Women who are diagnosed with lobular carcinoma in situ (LCIS) have a 10-20 percent chance of developing invasive breast cancer some time in their life. The condition is often found when a biopsy is conducted of suspicious tissue, or after having an abnormal mammogram. Our bodies are constantly growing and developing new cells; when this process goes wrong, the buildup of extra cells can turn into a mass of tissue called a growth, tumor, or lump. Breast cancer is caused by this over-production of cells that occurs in the breast tissue. Many growths in the breast can be benign (not cancer), while some may be malignant (cancer).
LCIS is not breast cancer (Stage 0), but a marker for possible future breast cancer. It occurs when abnormal tissue grows and stays in the lobules or milk glands located at the end of the breast ducts. Most women with LCIS exhibit no symptoms of the condition, but some may experience a lump in the breast. Women in their 40s or 50s typically are more commonly diagnosed with LCIS, but older women may also have it.
When you visit your gynecologist, he/she will often perform a breast examination, however, you should also be checking periodically for lumps or other abnormalities in your breasts. When pregnant or during your period, breast tissue can become “lumpy” because of hormones, so suspected growths found during those times (particularly ones that remain after your period or pregnancy) may not be cause for alarm, but should still be checked by your doctor.
If you suspect you may have something wrong with your breasts, it is important to discuss it with your doctor to assure early detection and treatment. Some questions you may want to ask include:
- What causes LCIS? It is unclear what causes LCIS. Experts consider if it results from genetic mutations that occur during your lifetime, or if it can be attributed to family history of breast cancer, environmental factors, or hormonal exposure. No specific genes have been linked to LCIS.
- What tests will the doctor perform? If you have a lump or recently had an abnormal mammogram, the doctor may check suspicious tissue using a fine-needle aspiration biopsy, core needle biopsy, or surgical biopsy. LCIS doesn’t show up on a mammogram.
- How is LCIS treated? The three main approaches for LCIS include:
•Careful observation – frequent breast self-exams, clinical breast exams screening mammograms every year, and other imaging techniques to catch any cancer early.
•Medication (chemoprevention) – selective estrogen receptor modulator (SERM) drugs are used to reduce the risk of developing invasive breast cancer (Tamoxifen, or Raloxifene).
•Preventative surgery – prophylactic mastectomy to prevent the risk of developing breast cancer.
•Clinical trials also may be a choice to help explore emerging therapy for preventing breast cancer (ask your doctor what’s available that may be right for you).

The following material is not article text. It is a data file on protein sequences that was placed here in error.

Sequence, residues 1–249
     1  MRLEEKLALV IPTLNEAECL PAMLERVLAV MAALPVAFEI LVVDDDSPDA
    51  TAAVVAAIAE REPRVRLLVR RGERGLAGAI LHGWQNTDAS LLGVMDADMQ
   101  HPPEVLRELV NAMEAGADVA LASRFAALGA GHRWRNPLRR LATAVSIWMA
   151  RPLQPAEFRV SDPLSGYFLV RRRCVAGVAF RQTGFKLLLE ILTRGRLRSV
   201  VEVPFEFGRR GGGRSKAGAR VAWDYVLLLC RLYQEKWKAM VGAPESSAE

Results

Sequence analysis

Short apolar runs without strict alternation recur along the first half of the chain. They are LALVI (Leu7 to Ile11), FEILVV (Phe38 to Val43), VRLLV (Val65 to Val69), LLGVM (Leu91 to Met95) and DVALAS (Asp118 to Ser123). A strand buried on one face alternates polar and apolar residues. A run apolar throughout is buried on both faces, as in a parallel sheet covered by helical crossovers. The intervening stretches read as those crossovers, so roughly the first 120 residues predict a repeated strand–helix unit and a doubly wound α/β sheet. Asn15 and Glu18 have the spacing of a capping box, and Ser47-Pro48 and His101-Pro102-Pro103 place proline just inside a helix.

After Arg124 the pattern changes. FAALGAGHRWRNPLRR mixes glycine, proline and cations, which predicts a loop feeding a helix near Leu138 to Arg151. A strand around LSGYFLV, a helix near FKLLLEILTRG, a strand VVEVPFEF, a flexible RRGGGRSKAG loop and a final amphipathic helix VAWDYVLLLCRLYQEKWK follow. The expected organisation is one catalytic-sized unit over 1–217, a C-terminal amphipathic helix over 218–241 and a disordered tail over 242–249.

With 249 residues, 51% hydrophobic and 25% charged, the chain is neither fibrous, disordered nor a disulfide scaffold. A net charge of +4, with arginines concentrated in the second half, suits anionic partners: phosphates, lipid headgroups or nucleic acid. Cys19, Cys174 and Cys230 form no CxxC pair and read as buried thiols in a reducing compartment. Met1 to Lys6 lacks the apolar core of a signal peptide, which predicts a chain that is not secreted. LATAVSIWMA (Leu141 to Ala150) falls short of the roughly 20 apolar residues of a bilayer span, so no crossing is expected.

- What is the long term risk of cancer? With LCIS, the biggest long-term risk is recurrence. Many women are treated effectively for LCIS.
- Should I get a second opinion? It is your choice, but you should be your own best advocate. If you want a second opinion, ask for one! Many doctors welcome a second opinion contrary to what you might think. Many insurance companies may cover additional testing performed by a different doctor if your doctor requests it. Some insurance companies even require a second opinion. The short delay taken in getting all the information to allow you to feel more confident and in control of your health in most cases will not be detrimental to your treatment.
- What if the doctor suggests I have a mastectomy? In some cases, for instance, if you have family history of breast cancer, a mastectomy may be an option for you. At that time, you may opt for either breast reconstruction or prosthesis (breast form worn inside your bra). Discuss choices with your doctor to find the solution that’s right for you.
- Is there a cure for breast cancer? While there is no definitive cure for breast cancer, there also is no guarantee that LCIS means you will get breast cancer; it’s a warning. Ongoing research has brought great strides in treatment and detection of breast cancer. With the knowledge, you can decide if you want to treat it, then you can work to lower your risk factors and monitor your health closely to ensure early detection and treatment if you do get it.
- Is there any research I can do on my own and what sources would you recommend? A LCIS diagnosis can be scary, frustrating, and depressing. Your doctors can suggest their preferred reputable web sites and support groups for obtaining more information and helping you cope with the possibility of getting breast cancer at some point in your lifetime.
This information is not meant to be a replacement for talking with your doctor. It is meant to be a catalyst. Talk with your team of doctors to get the full picture for your particular case.
www.breastcancer.org LCIS – Lobular Carcinoma In Situ
www.mayoclinic.com Lobular Carcinoma In Situ (LCIS)
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Christine Jeffries is a writer/editor for work and at heart, and lives in a home of testosterone with her husband and two sons. Christine is interested in women’s health and promoting strong women.